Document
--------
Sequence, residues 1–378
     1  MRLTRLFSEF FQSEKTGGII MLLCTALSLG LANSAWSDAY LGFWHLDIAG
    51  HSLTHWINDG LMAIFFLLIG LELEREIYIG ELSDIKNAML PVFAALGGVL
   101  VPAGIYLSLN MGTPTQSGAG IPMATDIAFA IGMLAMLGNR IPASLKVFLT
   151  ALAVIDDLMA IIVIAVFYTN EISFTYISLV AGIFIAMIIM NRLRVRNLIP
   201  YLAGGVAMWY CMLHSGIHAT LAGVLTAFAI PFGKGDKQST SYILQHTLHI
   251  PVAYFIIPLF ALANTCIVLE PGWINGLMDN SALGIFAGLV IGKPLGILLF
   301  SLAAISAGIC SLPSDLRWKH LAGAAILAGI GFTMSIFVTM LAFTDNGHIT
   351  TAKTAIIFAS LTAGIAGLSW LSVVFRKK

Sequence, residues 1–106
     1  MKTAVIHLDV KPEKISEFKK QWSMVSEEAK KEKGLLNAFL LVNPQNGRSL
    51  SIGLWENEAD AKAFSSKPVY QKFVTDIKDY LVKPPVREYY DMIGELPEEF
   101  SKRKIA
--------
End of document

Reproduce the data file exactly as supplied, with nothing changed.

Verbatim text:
Sequence, residues 1–378
     1  MRLTRLFSEF FQSEKTGGII MLLCTALSLG LANSAWSDAY LGFWHLDIAG
    51  HSLTHWINDG LMAIFFLLIG LELEREIYIG ELSDIKNAML PVFAALGGVL
   101  VPAGIYLSLN MGTPTQSGAG IPMATDIAFA IGMLAMLGNR IPASLKVFLT
   151  ALAVIDDLMA IIVIAVFYTN EISFTYISLV AGIFIAMIIM NRLRVRNLIP
   201  YLAGGVAMWY CMLHSGIHAT LAGVLTAFAI PFGKGDKQST SYILQHTLHI
   251  PVAYFIIPLF ALANTCIVLE PGWINGLMDN SALGIFAGLV IGKPLGILLF
   301  SLAAISAGIC SLPSDLRWKH LAGAAILAGI GFTMSIFVTM LAFTDNGHIT
   351  TAKTAIIFAS LTAGIAGLSW LSVVFRKK

Sequence, residues 1–106
     1  MKTAVIHLDV KPEKISEFKK QWSMVSEEAK KEKGLLNAFL LVNPQNGRSL
    51  SIGLWENEAD AKAFSSKPVY QKFVTDIKDY LVKPPVREYY DMIGELPEEF
   101  SKRKIA